5. The Silence of the Lambs 

One of the reasons why I love this movie so much is because it almost seems to give a double-dose of unease. For me, like for a lot of people, Anthony Hopkins as Hannibal Lecter is what makes it brilliant. I love how creepy and suave he is, and the mind games he plays with Clarice are really unsettling. I think the part that really gave me the creeps was when you first see him, and he’s just standing in the middle of his cell as though he knew she was coming to see him. But the other reason why I think it’s scary is Buffalo Bill. The way he acts set my teeth on edge in every single scene. Together I think they’re two of the most chilling characters from the 1990s. 


6. The Exorcism of Emily Rose 

I wasn’t too sure what to make of this when I first watched it, but now I think it’s a really clever film. I love how it’s part horror movie and part courtroom drama, and lets you come to your own conclusions at the end. It all works on a psychological level rather than just being a slasher. Was Emily really the victim of demonic possession, or the victim of mental illness? If she was possessed, are the entities impacting the court case itself? All the possibilities are quite unsettling, especially in the way Jennifer Carpenter manages to contort her body in all sorts of weird ways. And the fact that this film is based on a true story really fascinates me. I’ve watched it loads of times, and I’m sure I’ll watch it loads more! 


7. The Omen (1976 version) 

I love everything about this movie; the casting, the music (EPIC!), the way it was shot... I know some of the effects maybe look a little bit dated now, but I don’t care about that. But the main thing I love about this is Damien himself, and the kid they got to play him. I love how sweet and innocent he looks, and I can sympathise with the other characters more because I think it honestly would be tough to believe he could be capable of such evil with that cute little face. One of my main problems with the remake was that Damien looked a bit creepy to begin with, and I think that made the character lose some of his power. Plus, Gregory Peck is brilliant in this movie! 


8. A Nightmare on Elm Street (1984 version) 

This is one of those movies where I think the real scares come more from the idea it’s giving rather than what you actually see. This is a really good film and one of my favourites from the 80s, but I never really took to the characters too much. The main thing that I found creepy was the idea of never being able to sleep again if you wanted to live. How are you supposed to fight that? Or, even if you managed to come up with a plan like Nancy did, what are the chances you could keep focused enough to see it through on so little energy? In hindsight, I can see how I might have taken a bit of inspiration from this movie’s themes for Tragic Silence. But as it stands, I love this film, and Freddy will always be one of my top bad guys!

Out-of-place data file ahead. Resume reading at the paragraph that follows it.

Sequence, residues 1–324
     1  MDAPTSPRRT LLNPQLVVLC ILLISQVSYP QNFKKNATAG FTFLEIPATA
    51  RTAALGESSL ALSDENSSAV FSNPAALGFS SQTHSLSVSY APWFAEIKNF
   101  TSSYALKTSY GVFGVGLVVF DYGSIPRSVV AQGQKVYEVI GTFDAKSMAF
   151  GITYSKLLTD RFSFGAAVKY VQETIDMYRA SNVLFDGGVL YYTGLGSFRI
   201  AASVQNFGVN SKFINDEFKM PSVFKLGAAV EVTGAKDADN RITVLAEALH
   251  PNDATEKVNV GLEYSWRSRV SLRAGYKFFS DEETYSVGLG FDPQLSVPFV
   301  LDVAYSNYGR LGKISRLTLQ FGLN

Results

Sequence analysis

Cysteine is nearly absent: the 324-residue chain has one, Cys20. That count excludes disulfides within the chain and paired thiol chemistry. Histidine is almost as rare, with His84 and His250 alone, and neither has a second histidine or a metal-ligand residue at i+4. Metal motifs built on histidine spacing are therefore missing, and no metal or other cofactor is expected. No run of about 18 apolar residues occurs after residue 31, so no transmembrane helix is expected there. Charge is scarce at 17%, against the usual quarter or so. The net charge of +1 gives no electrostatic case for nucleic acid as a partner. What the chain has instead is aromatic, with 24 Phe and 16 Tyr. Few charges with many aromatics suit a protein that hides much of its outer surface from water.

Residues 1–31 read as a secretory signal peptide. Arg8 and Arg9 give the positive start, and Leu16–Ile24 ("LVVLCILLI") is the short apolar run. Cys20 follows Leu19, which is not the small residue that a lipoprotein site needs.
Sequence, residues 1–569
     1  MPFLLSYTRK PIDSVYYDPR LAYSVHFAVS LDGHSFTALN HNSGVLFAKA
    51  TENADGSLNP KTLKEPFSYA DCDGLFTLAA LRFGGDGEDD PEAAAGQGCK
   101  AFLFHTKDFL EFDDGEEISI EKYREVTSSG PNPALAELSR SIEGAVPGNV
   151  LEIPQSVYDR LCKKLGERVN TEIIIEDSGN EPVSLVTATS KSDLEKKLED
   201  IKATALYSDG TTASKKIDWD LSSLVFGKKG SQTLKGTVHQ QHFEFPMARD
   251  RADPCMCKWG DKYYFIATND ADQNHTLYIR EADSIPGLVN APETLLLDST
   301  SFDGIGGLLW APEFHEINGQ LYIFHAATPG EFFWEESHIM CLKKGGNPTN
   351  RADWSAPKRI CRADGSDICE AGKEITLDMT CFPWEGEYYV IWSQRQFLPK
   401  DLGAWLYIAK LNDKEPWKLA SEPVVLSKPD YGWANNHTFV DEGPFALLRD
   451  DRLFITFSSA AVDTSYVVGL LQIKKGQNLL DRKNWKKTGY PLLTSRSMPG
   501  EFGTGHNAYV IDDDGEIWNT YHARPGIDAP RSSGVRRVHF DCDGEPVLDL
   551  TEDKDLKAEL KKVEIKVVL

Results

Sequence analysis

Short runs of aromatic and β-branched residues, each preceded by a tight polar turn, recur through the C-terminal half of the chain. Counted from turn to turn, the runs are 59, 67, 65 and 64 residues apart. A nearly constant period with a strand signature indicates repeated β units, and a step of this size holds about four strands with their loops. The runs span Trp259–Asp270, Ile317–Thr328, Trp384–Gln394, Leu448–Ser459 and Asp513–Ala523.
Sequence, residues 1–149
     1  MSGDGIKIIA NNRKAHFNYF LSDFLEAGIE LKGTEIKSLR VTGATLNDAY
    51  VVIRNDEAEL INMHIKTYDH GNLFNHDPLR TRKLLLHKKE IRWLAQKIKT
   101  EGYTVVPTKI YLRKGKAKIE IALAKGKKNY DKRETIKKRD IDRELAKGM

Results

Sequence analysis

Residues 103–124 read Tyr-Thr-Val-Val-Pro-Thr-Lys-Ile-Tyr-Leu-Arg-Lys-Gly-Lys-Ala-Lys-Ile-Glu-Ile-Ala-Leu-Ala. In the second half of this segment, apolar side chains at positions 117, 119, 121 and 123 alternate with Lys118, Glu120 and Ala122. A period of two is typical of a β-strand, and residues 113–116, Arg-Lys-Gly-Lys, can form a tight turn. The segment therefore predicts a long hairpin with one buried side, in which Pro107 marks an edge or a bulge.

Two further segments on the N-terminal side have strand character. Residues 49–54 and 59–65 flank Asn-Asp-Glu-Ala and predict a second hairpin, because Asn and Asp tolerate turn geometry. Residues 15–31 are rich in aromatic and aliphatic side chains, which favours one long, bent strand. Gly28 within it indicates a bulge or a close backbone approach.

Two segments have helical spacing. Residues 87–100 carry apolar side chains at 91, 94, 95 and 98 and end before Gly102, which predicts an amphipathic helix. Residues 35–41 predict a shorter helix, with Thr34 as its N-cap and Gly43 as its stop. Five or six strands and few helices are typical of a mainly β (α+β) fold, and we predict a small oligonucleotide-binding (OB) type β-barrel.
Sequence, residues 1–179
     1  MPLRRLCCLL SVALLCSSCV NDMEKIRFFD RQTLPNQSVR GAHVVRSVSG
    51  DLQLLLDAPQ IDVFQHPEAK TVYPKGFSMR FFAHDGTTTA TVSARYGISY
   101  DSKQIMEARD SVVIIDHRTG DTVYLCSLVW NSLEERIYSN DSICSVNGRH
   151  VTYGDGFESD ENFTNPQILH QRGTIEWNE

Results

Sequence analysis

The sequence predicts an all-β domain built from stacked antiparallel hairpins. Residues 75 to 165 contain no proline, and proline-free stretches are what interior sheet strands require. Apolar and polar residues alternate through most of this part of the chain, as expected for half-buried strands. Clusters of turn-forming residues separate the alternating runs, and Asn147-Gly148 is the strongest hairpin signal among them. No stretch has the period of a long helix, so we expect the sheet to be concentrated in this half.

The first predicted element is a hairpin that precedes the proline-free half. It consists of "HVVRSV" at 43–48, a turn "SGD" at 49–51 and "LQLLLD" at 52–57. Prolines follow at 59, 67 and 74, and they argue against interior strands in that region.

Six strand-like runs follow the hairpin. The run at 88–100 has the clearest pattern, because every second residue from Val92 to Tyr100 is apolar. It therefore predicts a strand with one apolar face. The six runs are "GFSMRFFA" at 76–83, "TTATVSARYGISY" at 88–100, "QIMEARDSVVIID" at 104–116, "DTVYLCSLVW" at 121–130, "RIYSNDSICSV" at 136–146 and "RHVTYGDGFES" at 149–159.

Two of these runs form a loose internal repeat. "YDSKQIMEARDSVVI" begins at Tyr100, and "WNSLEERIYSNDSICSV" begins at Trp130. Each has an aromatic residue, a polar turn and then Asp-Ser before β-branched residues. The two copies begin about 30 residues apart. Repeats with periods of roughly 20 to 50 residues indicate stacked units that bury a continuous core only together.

9. The Grudge 

The premise to this film was one that I found really interesting, and one of the reasons why I liked it so much was because of its non-linear narrative. I found myself thinking back on it after I’d watched it, trying to piece together all the subplots in the right order and figure out just what had happened. The scariest scene for me was when Kayako appears under the bedcovers. And that death rattle noise she makes is one of the creepiest sounds I’ve ever heard on film. 


10. Scream 

I like how this film seems to have a bit of everything. It’s a horror at heart, but there’s also comedy and a mystery element to it as well, and I think it’s quite clever in the way it satirizes the genre. All the scenes with Jamie Kennedy make me laugh out loud, but I did jump a few times too when I first saw this movie, and I like how you can get invested with the characters. I never had any doubt that Sidney was going to survive, but I liked how there were layers to her which allowed me to follow her emotional turmoil through the movie.






Blog-wide giveaway

Open internationally